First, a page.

Q&A with Neil Sheehan, Paradox’s New CFO

Mar 13, 2020

Although we’re still early on in 2020, this year has already been full of positive change and growth at Paradox. In February, we introduced you to our new VP Business Development, Michael Ford. Now, we’re celebrating the well-deserved appointment of Neil Sheehan as Paradox’s new Chief Financial Officer (CFO). Neil originally joined the Paradox family in 2017 as our Financial Controller and was promoted to CFO in January 2020. We recently sat down with Neil to learn more about his history, professional journey, and guiding principles and motivations.

How did you get into finance?

Finance was never an interesting subject for me, but it was purposeful. I found it valuable knowledge to have, especially for business. Understanding the importance of how finance and accounting impact the overall success of businesses led me to the Alberta School of Business at the University of Alberta in Edmonton, where I majored in finance and accounting. I saw this as a stepping-stone that would ultimately propel me into management, particularly within the construction industry. Once I was out of university, I began a very competitive process to find the right firm to articles with.  I started my career with KPMG in Edmonton, where I articled and earned my CA (CPA) accounting designation, stayed with the firm long enough to earn a management position before joining Paradox.

Were there ever any other career ideas you had in mind?

I’ve always been quite pragmatic about career ambitions — even as a kid. There were four boys who played hockey in my family, and even then, I never found myself dreaming of a career as a professional athlete. As a kid, I wanted to be a farmer. The lifestyle and ownership of such a pursuit seemed very real — very tangible, and hands-on. I had a lot of significant role models who led very rewarding lives that way, so naturally, I began to envision my life taking that path, too.

Tell us about your childhood.

I grew up on a hog and grain farm outside of Edmonton in a large family of six.  My dad was a carpenter and a farmer, and my mom was a nurse. Growing up in a small-town community, I was surrounded by many blue-collared entrepreneurs. A lot of people in the area — my friends included — were self-employed, and their influences inspired me to the point where it became a goal of mine to eventually have a business of my own.

How did you find the transition from the corporate setting of KPMG to the industrial environment at Paradox?

It didn’t really phase me. Having grown up in the small town that I did, I was constantly surrounded by tradespeople, oil and gas workers, and any other hands-on job you could think of… it was a very blue-collar community. Growing up in that environment has helped me relate to the Paradox family in a more laid-back way.

What drives you?

Getting information to make more informed decisions, like taking financial information to make plans for budgeting or new business ventures. I get a lot of fulfillment out of being able to use my expertise to help our executive and management teams make more informed decisions. It’s rewarding to help them understand how their decisions impact the business on a financial level.

Coming into this role as CFO, what excites you the most?

What excites me the most, is being the main point of contact for the management team. I’m the go-to person for problem-solving and I have a bigger area of influence. I’ve really enjoyed developing deeper relationships with our employees and senior-level management.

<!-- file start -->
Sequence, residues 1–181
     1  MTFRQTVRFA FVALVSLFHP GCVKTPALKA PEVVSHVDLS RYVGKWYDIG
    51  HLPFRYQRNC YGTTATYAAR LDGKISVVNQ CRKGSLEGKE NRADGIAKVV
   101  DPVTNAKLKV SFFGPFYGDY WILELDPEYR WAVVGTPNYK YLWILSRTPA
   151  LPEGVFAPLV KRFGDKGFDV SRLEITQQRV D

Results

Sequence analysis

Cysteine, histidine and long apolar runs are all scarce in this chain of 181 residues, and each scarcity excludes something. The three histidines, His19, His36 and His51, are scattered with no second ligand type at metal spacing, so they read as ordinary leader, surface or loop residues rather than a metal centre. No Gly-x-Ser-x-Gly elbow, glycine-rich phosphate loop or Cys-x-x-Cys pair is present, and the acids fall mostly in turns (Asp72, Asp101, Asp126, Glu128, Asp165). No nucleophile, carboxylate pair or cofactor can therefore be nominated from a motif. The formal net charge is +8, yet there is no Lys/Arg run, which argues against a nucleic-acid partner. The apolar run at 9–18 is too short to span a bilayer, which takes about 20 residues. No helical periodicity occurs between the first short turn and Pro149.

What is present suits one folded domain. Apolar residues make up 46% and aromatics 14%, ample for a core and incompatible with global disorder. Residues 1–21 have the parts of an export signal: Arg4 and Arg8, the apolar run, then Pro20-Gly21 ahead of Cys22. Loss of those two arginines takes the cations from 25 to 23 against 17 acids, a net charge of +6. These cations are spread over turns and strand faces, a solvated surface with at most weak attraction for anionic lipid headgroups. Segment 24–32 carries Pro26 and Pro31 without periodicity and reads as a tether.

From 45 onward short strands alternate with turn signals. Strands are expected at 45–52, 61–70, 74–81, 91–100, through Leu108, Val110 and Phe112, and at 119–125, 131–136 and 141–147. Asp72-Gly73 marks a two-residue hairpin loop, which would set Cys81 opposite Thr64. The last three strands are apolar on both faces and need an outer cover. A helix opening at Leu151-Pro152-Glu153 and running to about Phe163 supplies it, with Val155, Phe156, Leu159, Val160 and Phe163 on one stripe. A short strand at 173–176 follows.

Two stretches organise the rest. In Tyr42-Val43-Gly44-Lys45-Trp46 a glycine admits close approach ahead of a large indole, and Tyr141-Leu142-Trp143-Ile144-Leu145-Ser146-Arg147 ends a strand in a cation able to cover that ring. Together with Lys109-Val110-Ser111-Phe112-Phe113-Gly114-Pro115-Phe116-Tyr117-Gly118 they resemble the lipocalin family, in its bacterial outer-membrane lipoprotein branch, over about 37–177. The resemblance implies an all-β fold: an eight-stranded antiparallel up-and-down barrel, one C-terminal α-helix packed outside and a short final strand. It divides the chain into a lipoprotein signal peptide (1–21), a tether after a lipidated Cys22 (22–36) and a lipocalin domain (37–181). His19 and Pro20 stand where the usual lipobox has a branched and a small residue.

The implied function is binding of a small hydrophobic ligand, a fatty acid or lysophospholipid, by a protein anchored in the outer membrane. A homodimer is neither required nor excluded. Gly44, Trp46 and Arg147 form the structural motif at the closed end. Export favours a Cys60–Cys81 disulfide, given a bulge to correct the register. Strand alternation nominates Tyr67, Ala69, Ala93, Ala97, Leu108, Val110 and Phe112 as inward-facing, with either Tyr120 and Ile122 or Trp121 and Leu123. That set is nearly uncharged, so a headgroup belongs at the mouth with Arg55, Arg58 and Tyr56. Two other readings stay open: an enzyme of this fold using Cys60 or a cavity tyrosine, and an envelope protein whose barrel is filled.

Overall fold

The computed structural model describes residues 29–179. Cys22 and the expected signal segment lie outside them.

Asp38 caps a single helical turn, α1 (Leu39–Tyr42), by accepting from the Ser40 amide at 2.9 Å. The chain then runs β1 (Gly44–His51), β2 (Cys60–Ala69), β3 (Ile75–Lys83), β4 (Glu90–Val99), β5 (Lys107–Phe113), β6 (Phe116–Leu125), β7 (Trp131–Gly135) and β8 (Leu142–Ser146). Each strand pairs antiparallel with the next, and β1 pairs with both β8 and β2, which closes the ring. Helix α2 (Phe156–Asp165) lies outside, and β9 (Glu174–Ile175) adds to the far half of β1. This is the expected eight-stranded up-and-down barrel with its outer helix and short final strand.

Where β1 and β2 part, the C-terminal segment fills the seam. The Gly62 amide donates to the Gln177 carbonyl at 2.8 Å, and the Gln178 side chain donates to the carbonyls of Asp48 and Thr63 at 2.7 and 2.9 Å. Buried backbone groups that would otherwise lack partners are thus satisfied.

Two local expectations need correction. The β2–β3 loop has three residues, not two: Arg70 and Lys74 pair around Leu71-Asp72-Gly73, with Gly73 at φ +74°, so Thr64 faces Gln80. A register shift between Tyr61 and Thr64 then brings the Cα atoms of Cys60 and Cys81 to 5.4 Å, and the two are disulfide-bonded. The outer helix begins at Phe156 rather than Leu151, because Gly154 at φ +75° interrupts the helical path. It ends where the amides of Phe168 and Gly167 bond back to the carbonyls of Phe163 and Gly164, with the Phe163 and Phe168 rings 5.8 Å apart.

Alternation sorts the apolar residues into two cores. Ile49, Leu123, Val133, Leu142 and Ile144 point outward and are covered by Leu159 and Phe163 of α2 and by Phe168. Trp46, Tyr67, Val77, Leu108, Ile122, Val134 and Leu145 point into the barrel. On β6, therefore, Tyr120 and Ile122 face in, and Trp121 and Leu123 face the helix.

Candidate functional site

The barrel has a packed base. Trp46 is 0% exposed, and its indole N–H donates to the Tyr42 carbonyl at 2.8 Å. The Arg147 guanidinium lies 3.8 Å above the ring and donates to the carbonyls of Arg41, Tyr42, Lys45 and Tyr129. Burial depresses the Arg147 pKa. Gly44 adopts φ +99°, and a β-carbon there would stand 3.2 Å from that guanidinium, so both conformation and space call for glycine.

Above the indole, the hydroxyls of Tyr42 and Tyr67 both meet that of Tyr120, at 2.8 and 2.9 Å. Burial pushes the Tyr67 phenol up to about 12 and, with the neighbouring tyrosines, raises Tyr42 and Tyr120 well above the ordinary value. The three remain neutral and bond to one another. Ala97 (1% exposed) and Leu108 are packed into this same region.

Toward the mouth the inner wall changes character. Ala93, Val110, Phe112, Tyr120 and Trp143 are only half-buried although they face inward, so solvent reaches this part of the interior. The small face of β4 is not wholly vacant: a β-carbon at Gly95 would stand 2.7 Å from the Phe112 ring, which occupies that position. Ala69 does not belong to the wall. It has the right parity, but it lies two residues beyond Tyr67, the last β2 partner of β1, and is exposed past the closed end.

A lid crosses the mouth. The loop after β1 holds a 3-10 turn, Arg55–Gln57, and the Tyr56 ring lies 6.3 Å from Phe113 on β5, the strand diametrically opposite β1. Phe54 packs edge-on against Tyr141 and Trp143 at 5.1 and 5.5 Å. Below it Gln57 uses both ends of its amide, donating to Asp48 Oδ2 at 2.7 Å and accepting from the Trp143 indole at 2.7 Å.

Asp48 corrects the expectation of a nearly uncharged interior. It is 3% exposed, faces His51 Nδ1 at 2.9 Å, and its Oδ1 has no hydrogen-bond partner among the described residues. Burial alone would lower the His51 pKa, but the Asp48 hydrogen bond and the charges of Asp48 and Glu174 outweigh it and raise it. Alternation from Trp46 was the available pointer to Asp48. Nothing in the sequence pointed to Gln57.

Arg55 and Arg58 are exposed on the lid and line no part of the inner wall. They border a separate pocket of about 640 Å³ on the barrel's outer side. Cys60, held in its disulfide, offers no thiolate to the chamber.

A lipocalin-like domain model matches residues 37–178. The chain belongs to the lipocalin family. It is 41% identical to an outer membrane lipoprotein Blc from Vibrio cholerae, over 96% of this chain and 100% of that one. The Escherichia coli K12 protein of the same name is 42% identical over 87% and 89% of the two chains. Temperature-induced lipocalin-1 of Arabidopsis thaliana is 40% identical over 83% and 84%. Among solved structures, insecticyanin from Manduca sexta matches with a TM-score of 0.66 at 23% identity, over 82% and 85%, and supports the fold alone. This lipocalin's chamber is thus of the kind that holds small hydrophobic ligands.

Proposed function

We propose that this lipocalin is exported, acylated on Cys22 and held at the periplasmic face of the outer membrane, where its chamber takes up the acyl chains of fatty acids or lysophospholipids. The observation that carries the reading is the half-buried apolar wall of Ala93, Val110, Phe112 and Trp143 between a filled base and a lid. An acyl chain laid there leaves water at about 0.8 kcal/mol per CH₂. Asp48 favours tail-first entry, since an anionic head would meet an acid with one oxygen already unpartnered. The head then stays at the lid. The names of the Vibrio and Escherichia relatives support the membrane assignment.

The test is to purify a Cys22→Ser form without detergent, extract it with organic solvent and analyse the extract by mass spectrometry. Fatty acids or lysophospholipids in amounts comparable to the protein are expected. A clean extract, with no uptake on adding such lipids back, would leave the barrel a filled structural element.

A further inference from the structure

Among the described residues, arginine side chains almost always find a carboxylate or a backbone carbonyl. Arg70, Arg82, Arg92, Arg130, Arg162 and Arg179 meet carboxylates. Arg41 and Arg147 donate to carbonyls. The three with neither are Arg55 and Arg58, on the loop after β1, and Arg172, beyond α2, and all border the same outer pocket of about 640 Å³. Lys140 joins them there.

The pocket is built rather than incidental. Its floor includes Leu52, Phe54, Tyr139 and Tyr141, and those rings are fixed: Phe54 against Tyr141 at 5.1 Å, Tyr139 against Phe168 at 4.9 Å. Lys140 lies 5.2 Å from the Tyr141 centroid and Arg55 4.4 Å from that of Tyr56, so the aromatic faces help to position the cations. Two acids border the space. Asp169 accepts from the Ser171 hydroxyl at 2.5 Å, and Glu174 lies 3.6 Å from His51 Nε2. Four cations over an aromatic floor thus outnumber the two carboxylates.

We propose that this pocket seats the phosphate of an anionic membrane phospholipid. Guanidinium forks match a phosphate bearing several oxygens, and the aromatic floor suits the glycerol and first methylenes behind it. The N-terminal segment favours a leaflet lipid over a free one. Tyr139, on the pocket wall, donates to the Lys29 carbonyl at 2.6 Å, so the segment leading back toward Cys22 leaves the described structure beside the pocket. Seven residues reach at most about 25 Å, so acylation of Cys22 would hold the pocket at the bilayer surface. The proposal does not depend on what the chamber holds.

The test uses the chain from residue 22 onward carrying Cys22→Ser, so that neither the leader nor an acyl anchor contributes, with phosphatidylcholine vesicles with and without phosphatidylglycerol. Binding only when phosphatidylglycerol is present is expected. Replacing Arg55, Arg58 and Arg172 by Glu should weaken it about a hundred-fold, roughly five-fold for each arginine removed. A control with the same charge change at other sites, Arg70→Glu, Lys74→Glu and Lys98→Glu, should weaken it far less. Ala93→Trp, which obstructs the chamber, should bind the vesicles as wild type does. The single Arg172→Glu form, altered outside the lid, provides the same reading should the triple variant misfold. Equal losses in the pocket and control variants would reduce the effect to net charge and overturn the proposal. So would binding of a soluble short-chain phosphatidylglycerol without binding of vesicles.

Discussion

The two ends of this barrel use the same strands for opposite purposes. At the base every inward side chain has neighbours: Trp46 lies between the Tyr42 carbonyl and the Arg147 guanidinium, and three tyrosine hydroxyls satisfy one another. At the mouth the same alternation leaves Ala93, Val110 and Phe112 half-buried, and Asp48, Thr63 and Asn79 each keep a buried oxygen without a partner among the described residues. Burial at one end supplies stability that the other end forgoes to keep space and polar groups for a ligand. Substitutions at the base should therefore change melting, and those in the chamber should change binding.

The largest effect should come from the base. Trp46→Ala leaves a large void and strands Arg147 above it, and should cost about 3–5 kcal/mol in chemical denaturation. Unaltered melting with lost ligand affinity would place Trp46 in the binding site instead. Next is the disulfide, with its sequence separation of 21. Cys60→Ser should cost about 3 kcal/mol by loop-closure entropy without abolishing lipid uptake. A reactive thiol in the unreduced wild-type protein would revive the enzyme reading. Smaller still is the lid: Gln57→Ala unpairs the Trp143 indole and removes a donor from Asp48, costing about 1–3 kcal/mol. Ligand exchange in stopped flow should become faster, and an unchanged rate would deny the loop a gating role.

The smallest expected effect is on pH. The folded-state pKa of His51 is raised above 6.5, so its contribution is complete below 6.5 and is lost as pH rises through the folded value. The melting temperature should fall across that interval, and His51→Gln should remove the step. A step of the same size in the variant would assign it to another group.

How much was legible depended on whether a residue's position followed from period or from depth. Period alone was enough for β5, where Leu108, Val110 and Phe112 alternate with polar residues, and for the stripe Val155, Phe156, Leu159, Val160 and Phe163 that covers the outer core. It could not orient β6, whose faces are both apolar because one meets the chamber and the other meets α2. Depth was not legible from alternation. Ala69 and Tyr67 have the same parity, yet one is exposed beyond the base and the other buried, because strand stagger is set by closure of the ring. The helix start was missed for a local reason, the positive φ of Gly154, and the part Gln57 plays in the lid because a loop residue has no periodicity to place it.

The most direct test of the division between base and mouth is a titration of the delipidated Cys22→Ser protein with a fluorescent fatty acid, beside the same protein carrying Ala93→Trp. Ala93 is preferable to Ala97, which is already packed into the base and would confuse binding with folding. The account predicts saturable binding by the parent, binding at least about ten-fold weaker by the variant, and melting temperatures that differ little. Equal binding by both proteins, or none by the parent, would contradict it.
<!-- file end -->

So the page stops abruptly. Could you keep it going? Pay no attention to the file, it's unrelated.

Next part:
As CFO, you manage a team of various direct reports and many others seeking your assistance. What tactics do you use to manage various personalities?

With a variety of personalities at Paradox, being calm, relating on a personal level, and getting staff input on changes management wishes to make is very important. I’m a firm believer in getting employee buy-in before directing. When I’m making decisions that are going to impact how our staff performs their day-to-day tasks, I make a point of taking their considerations to heart and ensuring their voices are heard.

What are you passionate about in your personal life? What intrigues and inspires you?

Sports, typically anything outdoors like hunting and fishing — especially hunting. It’s something I’ve really come to enjoy. My wife and I also enjoy hiking and camping together with our dog, Tucker.  We like to include him on all of our adventures to the lake or to the mountains.  We both love and enjoy nature, so we’ll do basically anything active that gets us outside. Ultimately, for me, it’s not about hitting the gym — I’d rather lead an active lifestyle.

What are the biggest challenges ahead of you this year as the company is experiencing unprecedented growth?

Despite the harsh market conditions, we are currently faced with, I see a lot of opportunity for growth. In my role, it’s about reinvesting our hard-earned revenue in the right places.

What are three tips you’d give people entering finance or accounting?

First, don’t be too proud to ask questions. Embrace learning curves and allow yourself to learn from others. Even when you may technically be in a position of power over people — you can always learn from them. Second, be mindful that early on in your career, it’s a grind. But there is light at the end of the tunnel! Big opportunities await if you put in your time and learn everything you can. Finally, take time to figure out where you want your career to take you. Whether you want to stay in public practice or move to an industry role, don’t let other people’s opinions sway you. It’s important to get various perspectives — just make sure that you take that information and make an educated decision for yourself. Become a Paradox Insider today

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